For anyone who’s even remotely followed Microsoft, the change in the company over the last few years is nothing less than startling. Under Bill Gates and Steve Ballmer, the company focused on driving everything toward Windows. Their best software ran on Windows, and they pushed as much as possible to have Windows take over the world. Since this was a proprietary OS, the result was a very monolithic company that tried to lock down everything. Combined with aggressive (and often legally dubious) business practices, Microsoft developed a reputation as the “Evil Empire”.
So the change in company culture when current CEO Satya Nadella took over was nothing less than seismic. Seemingly overnight, Microsoft went from wanting everything to run Windows to opening their products up to be on whatever their customers wanted to use. Obviously for a giant company to pivot like this, the groundwork was laid before Nadella took over, but it’s still a major shift.
But after reading Alastair Cooke’s piece, the shift seems to make a lot more sense for their overall corporate vision. By realizing that Azure is now their Golden Goose, it informs a lot of the decisions the company is making. It’s really the same business practice as before. The difference is the change in role between Windows and Azure. In Windows, Microsoft was selling a pre-fab home. You could do whatever you wanted with it, but on the outside, it all looked the same, and it was one size fits all. With Azure, Microsoft has happily shifted to infrastructure, selling customers the bricks and timber for letting them build whatever they want. In the end, Microsoft is still selling you something, and they’re doing everything they can to make sure you’re only using their bricks (or they’ll lease you a prebuilt Office 365 apartment), but in the end, they’re not any less aggressive, just selling a more flexible product.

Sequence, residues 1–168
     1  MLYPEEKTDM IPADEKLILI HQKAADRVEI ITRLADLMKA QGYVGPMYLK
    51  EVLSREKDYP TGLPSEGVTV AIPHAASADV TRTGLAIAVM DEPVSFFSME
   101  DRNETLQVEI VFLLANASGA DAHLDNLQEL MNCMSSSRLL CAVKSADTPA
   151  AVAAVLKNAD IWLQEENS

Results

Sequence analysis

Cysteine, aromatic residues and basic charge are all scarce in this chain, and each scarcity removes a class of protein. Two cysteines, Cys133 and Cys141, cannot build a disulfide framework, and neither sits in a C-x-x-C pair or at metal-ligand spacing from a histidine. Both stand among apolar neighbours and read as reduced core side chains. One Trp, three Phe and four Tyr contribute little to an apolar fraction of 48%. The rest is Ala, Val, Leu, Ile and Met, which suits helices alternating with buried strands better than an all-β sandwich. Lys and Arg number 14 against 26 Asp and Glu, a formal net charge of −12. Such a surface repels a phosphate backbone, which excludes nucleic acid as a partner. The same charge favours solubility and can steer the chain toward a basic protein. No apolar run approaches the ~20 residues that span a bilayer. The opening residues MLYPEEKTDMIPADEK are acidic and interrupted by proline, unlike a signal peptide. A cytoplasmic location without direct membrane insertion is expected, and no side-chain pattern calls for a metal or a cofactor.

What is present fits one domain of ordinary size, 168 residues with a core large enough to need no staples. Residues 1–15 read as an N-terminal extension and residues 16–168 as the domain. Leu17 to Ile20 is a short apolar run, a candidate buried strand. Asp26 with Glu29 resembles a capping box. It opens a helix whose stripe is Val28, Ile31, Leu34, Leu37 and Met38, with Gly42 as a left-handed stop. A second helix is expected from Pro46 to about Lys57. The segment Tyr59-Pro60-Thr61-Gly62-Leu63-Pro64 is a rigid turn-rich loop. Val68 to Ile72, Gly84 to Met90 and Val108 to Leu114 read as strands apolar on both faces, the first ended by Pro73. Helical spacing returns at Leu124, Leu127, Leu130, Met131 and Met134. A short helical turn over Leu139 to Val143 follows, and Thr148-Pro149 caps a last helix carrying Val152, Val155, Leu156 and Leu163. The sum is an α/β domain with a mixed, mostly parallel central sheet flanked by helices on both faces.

Recognizing this shift makes the company’s recent openness seem a lot less strange, and a lot more consistent with the Microsoft of old.
TVP Strategy comments:
When I look at large tech companies, I always get the feeling that they have a strategy based on maximizing revenue from one or two core products. Every decision about the other products tends to be made on the basis of protecting or increasing sales of these core products.
Read more at: Microsoft’s New Golden Goose Is Azure
- Windows 10 S and Ransomware - June 23, 2017
- Cloud Extensions, DevOps Models, and Playing with GUIs on Docker with Gestalt Cloud News 17.6 - June 22, 2017
- AMD’s Future in Servers: New 7000-Series CPUs Launched and EPYC Analysis - June 22, 2017
- PCIe versus Ethernet in a Composable System - June 22, 2017
- Managing Your IT Career – The On-Premise IT Roundtable - June 20, 2017
- Wavebox: All Your Web Apps Are Belong To Us - June 16, 2017
- Excelero’s NVMesh Magic - June 14, 2017
- A Quick Look at LinuxKit Packaging System - June 14, 2017
- Advice to Vendors: Know Your Identity - June 9, 2017
- QNX Gets Containers - June 8, 2017